Method and Philosophy

It can be difficult to create a simple natural photograph because nature obeys few rules. Nonetheless, nature does reveal unifying design elements- our opportunity is to recognize them. My images are based upon such natural design elements, illuminated by dramatic light.

River with Fog, Yellowstone NP, 2007

I create images for decorating large spaces. I work with high-resolution camera systems to capture detail sufficient for large, sharp images which enable the possibility of perceiving a "third dimension" in the print.

I print my own photographs using a 12-ink pigment-based printer on rolls of 44-inch paper or canvas.

Living and working in the wilderness is a religious experience to me and I make photographs based on emotion.

Making such a photograph may be "inconvenient"-- a finished image may be the result of days of hiking, followed by hours or days waiting for the right light.

Atop slick rock in the Pariah Wilderness, 2008, photo by Karl Kroeber.
Into remote Death Hollow, Escalante, 2010
Airstream, Patagonia, 2019

Evolving High-Resolution Cameras

Prior to 2007 my images were captured with a 6x7 cm film camera on Fuji Velvia. The images were developed and then scanned to approximately 60 million pixels.

With 6x7cm film camera in 2003, Lamarck Col, 13000', photo by Barbara Naden.

In 2007 I bought a 39 million pixel medium format digital camera system, which made possible prints comparable to those from 4 x 5 inch film. In 2010 this system was upgraded to 80 million pixels.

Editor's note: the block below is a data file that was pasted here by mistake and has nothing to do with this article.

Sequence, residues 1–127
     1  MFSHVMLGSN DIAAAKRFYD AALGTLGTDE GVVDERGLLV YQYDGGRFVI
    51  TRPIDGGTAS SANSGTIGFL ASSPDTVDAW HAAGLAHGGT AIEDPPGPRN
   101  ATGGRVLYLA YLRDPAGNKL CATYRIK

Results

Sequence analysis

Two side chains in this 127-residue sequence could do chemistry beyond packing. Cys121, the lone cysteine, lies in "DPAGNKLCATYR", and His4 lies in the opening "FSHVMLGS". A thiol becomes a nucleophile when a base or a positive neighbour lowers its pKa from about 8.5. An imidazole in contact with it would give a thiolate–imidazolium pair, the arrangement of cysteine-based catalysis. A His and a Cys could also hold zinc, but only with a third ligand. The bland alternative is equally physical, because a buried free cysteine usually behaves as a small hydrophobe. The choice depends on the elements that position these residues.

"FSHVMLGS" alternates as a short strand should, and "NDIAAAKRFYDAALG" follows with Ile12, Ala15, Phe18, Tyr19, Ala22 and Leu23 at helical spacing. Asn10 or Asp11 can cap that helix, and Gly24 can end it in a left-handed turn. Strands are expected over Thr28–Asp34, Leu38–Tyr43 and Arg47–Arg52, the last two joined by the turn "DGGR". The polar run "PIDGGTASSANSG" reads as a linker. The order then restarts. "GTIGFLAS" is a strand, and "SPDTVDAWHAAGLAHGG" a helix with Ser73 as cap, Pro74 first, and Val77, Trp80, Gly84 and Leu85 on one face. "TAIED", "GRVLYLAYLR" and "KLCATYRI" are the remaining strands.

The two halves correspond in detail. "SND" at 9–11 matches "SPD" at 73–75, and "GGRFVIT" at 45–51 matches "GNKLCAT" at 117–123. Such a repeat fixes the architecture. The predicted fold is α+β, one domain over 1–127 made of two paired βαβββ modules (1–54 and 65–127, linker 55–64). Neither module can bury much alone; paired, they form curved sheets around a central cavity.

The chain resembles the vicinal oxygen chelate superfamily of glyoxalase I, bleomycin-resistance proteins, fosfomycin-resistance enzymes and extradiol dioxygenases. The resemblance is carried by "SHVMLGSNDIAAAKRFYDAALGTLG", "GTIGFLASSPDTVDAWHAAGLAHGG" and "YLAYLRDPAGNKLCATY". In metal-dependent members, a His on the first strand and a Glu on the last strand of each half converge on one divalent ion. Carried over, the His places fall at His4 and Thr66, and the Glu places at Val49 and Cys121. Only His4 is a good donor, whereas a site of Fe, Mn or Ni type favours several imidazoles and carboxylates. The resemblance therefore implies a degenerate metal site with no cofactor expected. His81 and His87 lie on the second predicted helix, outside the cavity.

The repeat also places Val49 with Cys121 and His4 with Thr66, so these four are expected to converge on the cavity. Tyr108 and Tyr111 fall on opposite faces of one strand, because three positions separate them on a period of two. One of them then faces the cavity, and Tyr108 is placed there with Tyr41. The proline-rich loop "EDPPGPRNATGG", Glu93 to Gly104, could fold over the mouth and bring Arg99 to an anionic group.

With 39 megapixel medium format camera in 2007, below Death Hollow, the Escalante. Photo by Kent Patterson.

In 2015 I invested in a digital "35 mm" single-lens reflex camera for star photography. By 2018 this camera became available with 45 million pixel resolution, and I switched exclusively to this technology.

I began photographing birds in flight in 2017. Again "35 mm" equipment fit the bill.

Flock, Bosque del Apache, 2020


I am collecting video footage, time permitting. I'm into high resolution- 4K or 6K- and also high-frame rate for slow-motion of natural scenes, especially water scenes. The camera I desire for this kind of work is equivalent in resolution to the SLR I describe above, but is mirrorless- thus it's much smaller and lighter. In addition, switching between still and video mode is fast.

The future of fine photography is mirrorless technology.

And...Composition is Everything

It's easy for me to become immersed in craft items; but I know that the most important “gear” is within the right side of the brain: an understanding of photographic composition. If you feel something is lacking in your photographs, you can improve your work without buying new gear! I’ve seen students with very little training and inexpensive cameras make wondrous photos- they “get it"!

My understanding of composition is only beginning to take shape; it is as if a mysterious process is teaching me. Definitely not something I will learn from a book.